A Geordie and a Scot arrive in Toronto. So what’s the first thing they do? Hit the pub, of course. Now that was not as bad as it seems – everybody had told us the way to get over jet lag was to change your body over to the new timezone as soon as possible, which is why, even though we’d now been up 20 hours and drank and eaten enough for a small army (the food and drink on is plentiful and good), we were heading downtown to keep going for a few more hours. And what else is there to do at 9pm but go to the pub?

Which was where we discovered that as good as Rough Guides are, the one for Canada had missed off an important part – as good as their coverage is on the best places to go and the types of alcohol you can expect, they fail to mention that you need to sell your kidneys to be able to afford to drink in Toronto.

“That’s not $8 for a pint, is it?” I asked Ged as we examined the menu. Turned out, it was. Around £5.14 for a bog-standard pint of lager.

“And then we’ve got to tip,” Ged said.

Ah, yes, tipping. Now tipping bar staff in Britain is easy – you don’t do it. It’s a little bit more complicated in Madrid in that only guiris leave a substantial amount so you have to learn to leave a small bit of shrapnel, if that. Here, though, it’s a whole new ballgame. The standard is 15 per cent, although some places will ask you to leave 18 per cent (or even just add it onto your bill – and yes, it’s a “bill” in Toronto, not a “cheque”), but you do have a voice if the service is substandard – then you only leave 10%. Yup, even if the bar staff are the surliest people around, you’re expected to still leave a tip. Demand a tip in Scotland and you’ll be rewarded with the Glasgow malkie.

“I know someone who had the barman run out of the bar after him, shouting because he hadn’t left a tip,” Old Wife Tale-teller Ged whispered. “They get paid less than minimum back home so tips are really important.”

Now it’s not that I’m tight, but the argument that I should subsidise an owner’s decision to pay his staff low wages doesn’t really hold much water with me. Especially when I’m paying $8 a pint that I can’t possibly get unless there’s a bartender pulling it for me. If the service is good, then I’ll tip. But why should I tip for someone just doing their job – especially when this particular barmaid didn’t even know how to smile?

“I’m not doing it.”

“You can’t not do it,” Ged said, checking the bill. “She’ll run out after us.”

“Watch me,” I said, putting on my stroppy “I’ve been travelling for an eternity so don’t mess with me” head in true Worzel Gummidge style while sinking further down into my seat so the barmaid wouldn’t notice the change.

We paid the bill, got the change – and result! Ms Surly went to chat to a friend leaving us free to leg it, which we did, all the while watching our backs, half expecting to see the barmaid emerging behind us, meat cleaver in hand, demanding her 15 per cent.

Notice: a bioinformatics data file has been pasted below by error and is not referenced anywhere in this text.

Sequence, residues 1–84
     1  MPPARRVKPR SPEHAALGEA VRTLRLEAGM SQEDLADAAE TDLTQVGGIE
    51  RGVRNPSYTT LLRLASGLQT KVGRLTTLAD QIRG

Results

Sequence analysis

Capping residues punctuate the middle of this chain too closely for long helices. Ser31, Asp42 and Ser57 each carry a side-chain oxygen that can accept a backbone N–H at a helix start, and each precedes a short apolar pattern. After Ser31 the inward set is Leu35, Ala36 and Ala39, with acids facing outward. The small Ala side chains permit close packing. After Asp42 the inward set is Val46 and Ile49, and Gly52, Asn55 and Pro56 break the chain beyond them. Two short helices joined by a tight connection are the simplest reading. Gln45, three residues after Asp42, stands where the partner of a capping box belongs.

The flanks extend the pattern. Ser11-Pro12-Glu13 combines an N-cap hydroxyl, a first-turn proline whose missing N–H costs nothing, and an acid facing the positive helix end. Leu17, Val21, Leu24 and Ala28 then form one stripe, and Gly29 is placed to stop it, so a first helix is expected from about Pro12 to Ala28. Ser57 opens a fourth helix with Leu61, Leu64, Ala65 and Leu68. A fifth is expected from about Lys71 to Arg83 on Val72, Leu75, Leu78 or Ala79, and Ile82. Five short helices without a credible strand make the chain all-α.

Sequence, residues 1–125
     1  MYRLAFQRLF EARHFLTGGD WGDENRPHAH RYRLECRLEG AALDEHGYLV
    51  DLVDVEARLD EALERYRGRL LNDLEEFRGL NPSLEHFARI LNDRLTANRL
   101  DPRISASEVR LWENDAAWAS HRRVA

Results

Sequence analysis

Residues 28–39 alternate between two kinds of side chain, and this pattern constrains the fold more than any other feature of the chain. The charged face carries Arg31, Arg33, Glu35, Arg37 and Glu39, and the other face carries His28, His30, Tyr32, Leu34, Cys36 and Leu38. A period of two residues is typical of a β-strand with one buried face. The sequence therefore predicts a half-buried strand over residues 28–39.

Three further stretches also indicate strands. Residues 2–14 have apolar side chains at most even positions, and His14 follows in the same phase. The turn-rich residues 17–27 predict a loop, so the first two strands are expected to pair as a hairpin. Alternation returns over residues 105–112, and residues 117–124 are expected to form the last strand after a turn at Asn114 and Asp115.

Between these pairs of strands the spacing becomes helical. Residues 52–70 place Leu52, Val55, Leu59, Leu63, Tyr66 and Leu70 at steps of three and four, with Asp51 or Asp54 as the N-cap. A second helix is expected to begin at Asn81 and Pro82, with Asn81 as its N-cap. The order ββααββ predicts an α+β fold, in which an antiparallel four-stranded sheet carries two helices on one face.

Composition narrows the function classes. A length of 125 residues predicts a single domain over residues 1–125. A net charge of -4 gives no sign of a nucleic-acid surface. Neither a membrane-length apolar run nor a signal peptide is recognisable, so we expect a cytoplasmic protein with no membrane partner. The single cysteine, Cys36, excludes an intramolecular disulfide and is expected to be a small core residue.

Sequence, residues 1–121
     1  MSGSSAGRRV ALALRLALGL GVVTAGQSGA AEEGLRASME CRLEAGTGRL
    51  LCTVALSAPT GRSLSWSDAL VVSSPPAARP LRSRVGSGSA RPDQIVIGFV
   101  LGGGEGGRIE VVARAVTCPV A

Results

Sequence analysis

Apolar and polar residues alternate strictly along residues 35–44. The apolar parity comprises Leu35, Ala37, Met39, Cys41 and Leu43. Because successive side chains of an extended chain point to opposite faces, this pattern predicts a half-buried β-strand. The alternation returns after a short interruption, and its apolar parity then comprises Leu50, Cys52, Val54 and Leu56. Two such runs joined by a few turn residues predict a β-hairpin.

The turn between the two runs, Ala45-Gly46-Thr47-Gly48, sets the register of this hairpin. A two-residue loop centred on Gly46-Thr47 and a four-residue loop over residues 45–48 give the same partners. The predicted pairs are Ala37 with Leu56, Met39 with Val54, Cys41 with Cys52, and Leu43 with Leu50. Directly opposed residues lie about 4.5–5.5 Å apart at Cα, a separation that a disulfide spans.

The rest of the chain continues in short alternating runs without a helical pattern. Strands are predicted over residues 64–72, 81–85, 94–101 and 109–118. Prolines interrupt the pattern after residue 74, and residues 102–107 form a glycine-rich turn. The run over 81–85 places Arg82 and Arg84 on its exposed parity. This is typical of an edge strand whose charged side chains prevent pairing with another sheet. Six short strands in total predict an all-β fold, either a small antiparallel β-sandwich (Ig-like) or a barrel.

Amazingly, that didn’t happen. But I was glad I was wearing my trainers.

(Would you have left a tip? Let me know below)


9 thoughts on “Tips…

  1. I grew up here so I’m used to tipping. It’s just something you get used to building into your budget for a night out. Servers work crummy hours for minimum wage and they really do rely on tips. Not tipping is a huge faux pas in my circle of friends, many of whom have worked in the service industry at some point.

    • It’s just so not something we’re used to for bars in the UK that it threw me for six that someone merely handing over a drink should get a couple of dollars. Surely this encourages employers to keep wages low? Bar staff and waiters do an invaluable job and can make the night for their customers. They deserve a living wage.

      • Oh totally. It’s a bizarre system, to be sure, and I completely understand being thrown by it, but once you know about it, I don’t think deciding not to leave a tip is the way to go about changing it. Unfortunately you not leaving a tip isn’t going to make a restaurant owner pay that waitress a little extra that night.

      • This is true – and we have tipped ever since!!!!! I honestly couldn’t believe that barstaff behind the bar would be tipped too. My nephew runs a bar in the UK and occasionally they’ll get a drink bought for them for customers but that’s it.

      • I know! It’s so weird. Because I’m so used to it though, when I travel to places where tipping isn’t customary, I always feel guilty and nervous just leaving without leaving a tip behind. haha.

  2. I live in Canada and it’s completely normal to tip 15 percent. I’ve heard on the news that sometimes (for those who suck at math, myself included) we leave 20 per cent. When I lived in England we always tipped. I don’t remember anybody telling us that it wasn’t normal. And we tipped everywhere else. I just think not tipping is sort of… Well, tipping is a way of saying “thank you” I guess… It’s a culture thing.

    • We always tip in restaurants (not McDonalds etc, of course) and taxis, hairdressers but never in a bar. It’s not expected at all and certainly not the norm. We tend to go for 10 per cent but it’s very informal – if the bill is 31/2 then you would leave 35, for example. Bartenders are rarely tipped in the city centre.

    • By the way, tipping in bars in Spain is totally different. A barman I once talked to told me he didn’t need me “subsidising his wages” and was quite affronted by the idea. Usually you leave a little change – 20-30 centimos (around 10c) and that’s it.

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